13. This piece really rang a bell, although I am kind of in the opposite situation–I hate where we live and want to move home. We are renting an apartment above my inlaws because this is where my husband’s very good job is located, but I absolutely cannot stand the area in which we live, nor can we even remotely afford to buy a house here. I actually really love my inlaws, and I am waging a campaign to get them to move back to south Jersey with us. I have decided that while I will put up with this place, we are not staying here forever, or even for more than another five years. I am saving my pennies so my husband can take a lower paying job back home.

    • Not to intrude, but South Jersey is also my home, and I totally get it. I don’t care how many jokes Jersey is the butt off, I’m a Jersey girl through and through. I also love how you specified South Jersey, because North Jersey is practically a different state!

  14. I so totally get this. I mean I get this, in a reading this post on an iphone at a superbowl party and end up randomly crying and having to go in the other room kind of way 🙂 My sisters and I are split apart and the part of this that hit especially close to home was when you were describing your sister in law with Katherine. Oh man, I beg my two sisters to come back home all the time, but now that they have kids it breaks my heart even more.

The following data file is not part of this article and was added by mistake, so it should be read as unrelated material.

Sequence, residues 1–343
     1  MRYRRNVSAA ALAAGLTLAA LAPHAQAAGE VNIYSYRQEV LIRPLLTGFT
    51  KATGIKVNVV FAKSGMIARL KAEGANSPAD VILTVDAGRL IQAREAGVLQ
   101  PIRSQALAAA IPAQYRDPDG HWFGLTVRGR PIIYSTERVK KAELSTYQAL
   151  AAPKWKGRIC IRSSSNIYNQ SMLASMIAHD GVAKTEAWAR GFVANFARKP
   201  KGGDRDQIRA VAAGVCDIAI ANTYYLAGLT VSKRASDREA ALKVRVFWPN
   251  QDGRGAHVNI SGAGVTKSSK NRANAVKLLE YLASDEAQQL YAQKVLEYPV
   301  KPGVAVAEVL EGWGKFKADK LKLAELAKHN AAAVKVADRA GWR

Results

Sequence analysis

This post was so beautifully written, especially the last two paragraphs, they really hit home!

  15. This post gave me goosebumps…

  16. I’m in the camp where I live somewhere I hate because my husband has a job that (supposedly) will give him a pension if he works there for five more years and gets vested. And I hear “five more years,” and it feels like a sentence. And I miss my family, three hours away. And I feel like they are missing so, so many moments of my infant son’s life, and that breaks my heart.

    And perhaps the most cruel part of it all? That if a fairy godmother came down right now and asked “Where would you like to go?” I honestly wouldn’t know. I miss my family like crazy, but the suburbs of Chicago never felt like home. So where do I belong?

  17. Tears.

  18. I commented on this post when you first posted it, and loved it so much that I added it to my favorites. I just reread it again tonight and immediately cried when I got to the end of it. I just wanted to tell you that you summed up my feelings so beautifully and eloquently in ways that I could never do. Thank you for that. You have such a beautiful way with words and have REAL talent when it comes to things that are close to your heart, it seems.

Comments are closed.

%d bloggers like this: